2/2. Breakthrough in MS research as scientists discover possible cause?

In this video George interviews Professor David Baker who is a Professor Of Neuroimmunology. The interview was filmed by Shift.ms

Video transcript

So David, we’ve seen in the media this week that the cause of MS has been found. Is this correct?

In a word, no. The work was actually not even about a cause, it was really a consequence and I don’t really know how the two have been merged together. So I think it’s, again, the problem of media reporting that somebody’s tried to make a mountain out of something that really was… it wasn’t even a molehill, really.

Okay. That’s a real shame for many people who built up a lot of hope about understanding MS from that article. What can we as people with MS, as the wider MS community, what can we take from this story?

Okay, from the story, I think the story is really about how damage may occur in multiple sclerosis and what this work sheds light on is a way that that may occur. And so it’s part of the jigsaw, and so we’re on that case already and there are many different avenues where we can exploit that knowledge. But actually, to be kind of more upbeat, in a sense we still don’t necessarily have to know what the cause is to be able to get the cure, so it’s not all a negative thing, because I think we could still be positive because we do know, you know, some parts of the pathway and this story tells us a little bit more about pathway and we can interfere in that pathway hopefully to switch off things or to, you know, quell the damage that’s occurring.

So that’s what the plus point is and if you want to kind of know what this story says, is really what we know in MS is that damage can occur because nerves have to work harder because they lose that myelin sheath around which insulates and makes the nerve impulses travel faster. What this study showed is that the energy of a cell is made in a powerhouse called a mitochondria, and it basically showed that the mitochondria links with the part of the protein making machinery and it allowed a toxin to get into the mitochondria that potentially damaged the mitochondria so that they don’t work as well and so they can’t cope and they may be damaged. So that’s kind of the science behind it. The way I kind of put it in layman’s terms is, imagine you’re playing Cluedo and you know that one of the characters is the cause, you know there’s a murder weapon and you know there’s a room, well the room here is the MS lesion, this work is probably not the murder weapon, but it’s probably like saying the barrel of the gun. So it’s a conduit to allowing what is the problem to occur, so that’s how I would see it. So what they’re showing is really the barrel of the gun, not the bullet. You know, we have an idea what the bullet is so it means we can muzzle it and stop it.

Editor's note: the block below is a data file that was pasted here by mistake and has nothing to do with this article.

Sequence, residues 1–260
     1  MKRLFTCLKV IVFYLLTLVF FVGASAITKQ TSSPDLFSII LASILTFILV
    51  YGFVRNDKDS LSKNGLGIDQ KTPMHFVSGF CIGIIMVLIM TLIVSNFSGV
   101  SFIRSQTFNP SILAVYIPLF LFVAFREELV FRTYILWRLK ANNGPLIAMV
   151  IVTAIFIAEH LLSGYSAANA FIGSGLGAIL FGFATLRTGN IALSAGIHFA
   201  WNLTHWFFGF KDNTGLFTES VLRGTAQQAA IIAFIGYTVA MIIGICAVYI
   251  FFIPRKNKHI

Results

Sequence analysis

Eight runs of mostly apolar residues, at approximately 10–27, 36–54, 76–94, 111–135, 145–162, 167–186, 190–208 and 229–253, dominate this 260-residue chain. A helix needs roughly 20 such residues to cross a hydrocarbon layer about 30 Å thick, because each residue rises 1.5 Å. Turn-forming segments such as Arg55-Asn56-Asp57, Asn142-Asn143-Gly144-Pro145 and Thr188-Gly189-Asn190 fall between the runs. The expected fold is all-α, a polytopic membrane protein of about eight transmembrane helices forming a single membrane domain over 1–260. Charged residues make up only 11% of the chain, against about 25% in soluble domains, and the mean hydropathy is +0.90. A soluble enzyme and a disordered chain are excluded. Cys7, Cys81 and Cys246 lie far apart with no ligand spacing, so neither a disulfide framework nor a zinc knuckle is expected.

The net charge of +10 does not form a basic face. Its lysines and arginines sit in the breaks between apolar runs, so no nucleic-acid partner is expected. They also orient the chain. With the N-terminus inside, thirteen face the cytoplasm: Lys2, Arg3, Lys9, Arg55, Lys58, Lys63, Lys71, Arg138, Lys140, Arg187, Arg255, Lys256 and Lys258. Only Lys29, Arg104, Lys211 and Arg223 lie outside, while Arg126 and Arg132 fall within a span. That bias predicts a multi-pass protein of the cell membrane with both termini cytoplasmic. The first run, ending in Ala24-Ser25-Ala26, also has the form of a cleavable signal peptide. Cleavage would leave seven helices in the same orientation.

Fantastic. And is this news, when this research was released in January, was this news to you, did this help inform your research that you’re doing and your colleagues are doing?

Well, it will do because it’s all about understanding the pathways. and we’re actually working on the case. Those mitochondria, we’re actually looking at a way of kind of plugging the problem with them. But this is just another way that you could approach that. So I think there are a lot of people working in that area, and as I say, it’s a bit more of a jigsaw. It may allow people to develop new treatments, but it may not. But we’re actually on that case already, I think. So it’s welcome to know more, but it’s just, as I say, part of the jigsaw, so not earth shattering, in my opinion. You know, we’ve been thinking about that for a long time.

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